Arab World's Mixed Reaction
The demise of Osama bin Laden evoked a range of responses in the Arab and Muslim world. While official leaders of Arab regimes welcomed the news, Islamists had mixed views and sympathizers swung between denial, anger, and threats.
These responses demonstrate a cultural complexity, involving a struggle to reconcile ties to the past and a more positive, if uncertain future. (Note the contradictions between the Muslim Brotherhood leaders in Jordan and Egypt, and also the schism between the Palestinian Authority and Hamas, which just announced a unity government.)
Poring across all the discussions out there, I culled and translated some of the more interesting, from political leaders, thought leaders, and anonymous posters alike.
Palestinian Hamas leader Ismail Hania: "[I condemn the killing] if it means the continuation of an American policy rooted on arrogance and force. We condemn the killing of the Arab Muslim holy warrior Osama Bin Laden and we pray that God will have mercy on him."
"Even though my feeling says that's not him, I wish him to be in heaven."
Palestinian Authority spokesman Ghassan al-Khatib: "Getting rid of bin Laden is a useful thing for peace all over the world. What's important is to defeat the violent rhetoric and means which bin Laden and others have used and fostered throughout the world."
Muslim Brotherhood in Jordan leader Jamil Abu Baker: "Al Qaeda may suffer up to a point by the killing of its leader Osama bin Laden. But [the West's treatment of the Muslim world will] keep the environment fertile for the birth of another Qaeda or several others."
Muslim Brotherhood in Egypt spokesman Esam el-Arian (in calling for the U.S. to withdraw from Iraq and Afghanistan): "With the killing of bin Laden, one of the reasons for practicing violence in the world has been removed. The uprising in the Arab world is clear evidence that democracy has a place in the Middle East and the region doesn't need any foreign occupation."
Asad Abdulrahman, bin Laden's acolyte, and the son of blind sheikh Omar Abdul Rahman: "Bin Laden was betrayed by one of his closest people and Ayman Zawahri is the new leader now. [There will be] acts of revenge, especially in Pakistan.
The military spokesman for the Benghazi rebels, Colonel Ahmed Bani: "I hope Gaddafi will face the same fate that bin Laden suffered. The Libyan national transitional council and the revolutionaries are very happy about the killing of bin Laden."
Tariq al-Hamed, editor in chief, al-Sharq al-Awsat: "What they called 'leader of al-mujahideen' was killed in his luxury home and not in the battlefield or jihad arena. Died with his wife and three others unlike the young boys whom he sent to their death one after the other."
Mashari al-Thaithi: "The problem is not who can be killed or captured but the minds and the hearts that are confused. What produced the likes of bin Laden are two major issues that in my opinion left deep scars in the Muslim psyche since the collapse of the Ottoman empire: Are we really Muslims? And what does it mean to be a Muslim?"
Abdulbaqi Atwan, editor in chief of al-Qudus Al-Arabi: "Western leaders think that killing al Qaeda's leader will weaken the organization but the truth may be the opposite. The fact that he was killed with honor and dignity and was not arrested and demeaned according to the opinion of many Jihadist leaders will turn him into an icon and martyr and that explained the U.S. decision to throw his body in the sea so his grave will not be a shrine. The U.S. action is not humane or moral or Islamic."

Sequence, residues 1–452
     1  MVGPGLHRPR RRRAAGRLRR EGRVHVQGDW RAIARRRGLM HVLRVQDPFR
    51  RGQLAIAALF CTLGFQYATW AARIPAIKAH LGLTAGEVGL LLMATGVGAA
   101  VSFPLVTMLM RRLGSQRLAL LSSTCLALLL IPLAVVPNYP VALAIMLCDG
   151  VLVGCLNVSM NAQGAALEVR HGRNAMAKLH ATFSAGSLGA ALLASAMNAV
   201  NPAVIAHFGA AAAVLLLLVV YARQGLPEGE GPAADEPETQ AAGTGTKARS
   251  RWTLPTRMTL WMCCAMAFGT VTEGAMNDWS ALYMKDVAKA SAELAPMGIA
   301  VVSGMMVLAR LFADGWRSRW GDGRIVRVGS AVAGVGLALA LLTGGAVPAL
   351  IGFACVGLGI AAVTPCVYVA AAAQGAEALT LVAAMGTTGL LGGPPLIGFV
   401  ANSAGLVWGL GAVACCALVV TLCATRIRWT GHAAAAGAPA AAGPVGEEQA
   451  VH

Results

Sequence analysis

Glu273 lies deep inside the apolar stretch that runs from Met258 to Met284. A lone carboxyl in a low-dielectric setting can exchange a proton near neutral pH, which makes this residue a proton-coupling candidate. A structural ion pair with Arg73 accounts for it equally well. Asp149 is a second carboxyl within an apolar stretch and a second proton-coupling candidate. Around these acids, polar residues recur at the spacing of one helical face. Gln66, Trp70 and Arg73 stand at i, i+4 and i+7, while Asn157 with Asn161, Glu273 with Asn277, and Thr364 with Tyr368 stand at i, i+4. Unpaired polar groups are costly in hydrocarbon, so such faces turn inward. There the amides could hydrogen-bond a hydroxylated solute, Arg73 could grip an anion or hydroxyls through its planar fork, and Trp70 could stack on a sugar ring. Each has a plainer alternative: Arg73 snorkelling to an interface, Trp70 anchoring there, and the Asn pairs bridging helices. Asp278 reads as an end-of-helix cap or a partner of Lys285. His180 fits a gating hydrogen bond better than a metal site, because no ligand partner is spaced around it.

Ibrahim Derwiash: "This man, bin Laden, that America was trying to get rid of, his presence and shadow, his picture and his presence will continue for generations to come. This man who dragged the biggest power in the world into two wars in Afghanistan and Iraq will become the Muslim Che Guevara with his distorted eyes. He will become an icon. In the American psyche, he is Stalin or Hitler. Mass murderer. For his followers, he is a mujahid who lived for Islam and died for it and with his death al Qaeda will not die."
Many of the comments reflect how active his support was in cyberspace. Some pray for God's mercy on him, but most cast doubt on the news of this death.
• "This is not the sheikh of mujahideen—Bin Laden has a gray beard and gray hair. UBL will not color his hair. This is a fabrication by the Jews and the Americans. May God extend UBL's life and hope to see him soon on video giving a speech."
• "Even though my feeling says that's not him, I wish him to be in heaven."
• "I will not believe the death of UBL even if the U.S. forces confirm it."
• "This is not UBL. This is a lie as the story of September 11, 2001, is a lie. All the videos that came out were fabricated and all the photos and videos broadcasted about this operation are old recordings or Photoshopped."
• "May God never give him mercy. He was the reason for the death of two of my brothers who worked as members of Saudi police force. He's a terrorist."
• "UBL is a terrorist who killed thousands though his dumb suiciders and now he tests the death and join the other terrorists in hell. Our religion of Islam is a religion of peace and love not of the killing and bombing that tainted it."
• Some of the jihadist forums pray that the news is not true—and if it is true, they call for revenge. "May God curse Obama," one posting says, warning that American heads will be cut as a result.
Fadel Lamen is a journalist, writer, and Middle East/North Africa expert and cultural adviser based in Washington, D.C. He is a frequent traveler to the Middle East and has been published in Arabic and English newspapers and magazines.